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BACKGROUND: Distribution of malaria and intestinal helminths is known to overlap in developing tropical countries of the world. Co-infections with helminth and malaria parasites cause a significant and additive problem against the host. The aim of this study was to asses the prevalence of malaria/helminth co-infection and the associated problems among febrile outpatients that attended Alaba Kulito Health Center, southern Ethiopia November and December 2007. A total of 1802 acute febrile patients were diagnosed for malaria. 458 Giemsa-stained thick and thin blood films were used for identification of Plasmodium species and Stool samples prepared using Kato-Katz technique were used to examine for intestinal helminths. Haemoglobin concentration was measured using a portable spectrophotometer (Hemocue HB 201). Anthropometry-based nutritional assessment of the study participants was done by measuring body weight to the nearest 0.1 kg and height to the nearest 0.1 cm.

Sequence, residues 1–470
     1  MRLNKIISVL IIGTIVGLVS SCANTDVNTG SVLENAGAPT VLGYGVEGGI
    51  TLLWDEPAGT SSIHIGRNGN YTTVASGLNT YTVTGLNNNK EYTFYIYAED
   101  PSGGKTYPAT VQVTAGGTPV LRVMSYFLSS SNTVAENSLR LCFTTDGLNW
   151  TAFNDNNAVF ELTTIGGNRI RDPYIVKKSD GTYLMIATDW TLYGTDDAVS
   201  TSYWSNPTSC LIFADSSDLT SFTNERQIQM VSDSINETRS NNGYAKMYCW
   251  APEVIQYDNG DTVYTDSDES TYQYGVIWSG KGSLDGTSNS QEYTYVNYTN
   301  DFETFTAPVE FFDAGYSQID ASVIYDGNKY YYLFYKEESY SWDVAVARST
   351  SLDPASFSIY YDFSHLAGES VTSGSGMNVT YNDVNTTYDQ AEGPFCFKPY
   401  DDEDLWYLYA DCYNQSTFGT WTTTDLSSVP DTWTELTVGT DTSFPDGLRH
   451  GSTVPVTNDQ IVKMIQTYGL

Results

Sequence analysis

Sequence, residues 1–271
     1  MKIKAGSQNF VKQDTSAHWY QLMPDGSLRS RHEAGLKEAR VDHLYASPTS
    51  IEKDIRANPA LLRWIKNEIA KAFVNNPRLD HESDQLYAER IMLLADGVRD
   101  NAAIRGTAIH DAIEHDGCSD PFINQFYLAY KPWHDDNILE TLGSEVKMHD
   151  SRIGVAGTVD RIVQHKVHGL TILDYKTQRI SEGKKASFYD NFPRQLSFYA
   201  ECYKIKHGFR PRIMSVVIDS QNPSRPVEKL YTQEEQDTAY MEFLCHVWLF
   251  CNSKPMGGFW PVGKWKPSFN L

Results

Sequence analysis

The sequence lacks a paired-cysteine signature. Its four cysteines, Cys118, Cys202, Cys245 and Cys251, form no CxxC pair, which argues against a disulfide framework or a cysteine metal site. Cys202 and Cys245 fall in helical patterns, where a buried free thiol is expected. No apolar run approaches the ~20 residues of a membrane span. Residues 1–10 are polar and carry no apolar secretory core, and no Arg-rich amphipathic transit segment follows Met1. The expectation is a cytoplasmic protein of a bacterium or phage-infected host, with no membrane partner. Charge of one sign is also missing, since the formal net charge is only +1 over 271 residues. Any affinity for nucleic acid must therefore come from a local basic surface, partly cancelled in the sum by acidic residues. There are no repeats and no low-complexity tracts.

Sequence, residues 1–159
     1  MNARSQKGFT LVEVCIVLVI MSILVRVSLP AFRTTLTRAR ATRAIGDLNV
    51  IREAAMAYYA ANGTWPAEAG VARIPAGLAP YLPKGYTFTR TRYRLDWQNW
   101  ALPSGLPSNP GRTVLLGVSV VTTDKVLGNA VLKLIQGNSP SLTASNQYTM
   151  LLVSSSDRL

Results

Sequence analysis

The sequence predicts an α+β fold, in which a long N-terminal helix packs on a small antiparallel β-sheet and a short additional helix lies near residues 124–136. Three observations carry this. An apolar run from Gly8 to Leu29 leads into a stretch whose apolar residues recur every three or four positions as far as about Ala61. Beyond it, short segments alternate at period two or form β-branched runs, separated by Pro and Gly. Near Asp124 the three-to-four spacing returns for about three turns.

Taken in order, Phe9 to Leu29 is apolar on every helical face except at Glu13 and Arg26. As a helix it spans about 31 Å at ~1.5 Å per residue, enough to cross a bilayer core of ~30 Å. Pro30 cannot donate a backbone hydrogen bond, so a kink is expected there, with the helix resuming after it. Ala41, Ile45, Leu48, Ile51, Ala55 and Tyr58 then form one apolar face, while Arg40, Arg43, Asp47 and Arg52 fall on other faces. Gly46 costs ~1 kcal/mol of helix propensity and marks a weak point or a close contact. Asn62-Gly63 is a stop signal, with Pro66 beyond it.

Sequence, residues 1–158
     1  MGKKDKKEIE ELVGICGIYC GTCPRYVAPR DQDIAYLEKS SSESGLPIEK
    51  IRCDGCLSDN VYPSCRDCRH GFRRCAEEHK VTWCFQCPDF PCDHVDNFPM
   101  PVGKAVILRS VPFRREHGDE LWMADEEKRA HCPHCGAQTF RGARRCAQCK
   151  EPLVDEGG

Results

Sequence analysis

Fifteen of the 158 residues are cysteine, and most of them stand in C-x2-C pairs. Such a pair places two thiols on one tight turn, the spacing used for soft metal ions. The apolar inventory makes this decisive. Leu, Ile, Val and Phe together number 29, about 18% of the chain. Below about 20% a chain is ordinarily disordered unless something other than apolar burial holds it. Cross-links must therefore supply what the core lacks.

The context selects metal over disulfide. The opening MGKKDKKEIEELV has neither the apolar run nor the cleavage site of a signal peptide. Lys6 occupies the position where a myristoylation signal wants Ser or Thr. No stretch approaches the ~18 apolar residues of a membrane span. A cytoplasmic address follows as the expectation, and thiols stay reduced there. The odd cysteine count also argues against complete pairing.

FINDINGS: 458 of the total febrile patients were positive for malaria. Co infection with Plasmodium and helminth parasites is associated with significantly (p < 0.001) higher anaemia prevalence than single infection with Plasmodium parasites. And this difference was also significant for haemoglobin concentration (F = 10.18, p = 0.002), in which patients co infected with Plasmodium and helminth parasites showed lower mean haemoglobin concentration. More than one-third of the infected cases in both malaria infections and malaria/helminth co infections are undernourished. However the statistics for the difference is not significant.

CONCLUSION: Malaria and soil-transmitted helminthiasis obviously contribute to anaemia and low weight status and these conditions are more pronounced in individuals concurrently infected with malaria and soil-transmitted helminths. Hence, simultaneous combat against the two parasitic infections is very crucial to improve health of the affected communities.



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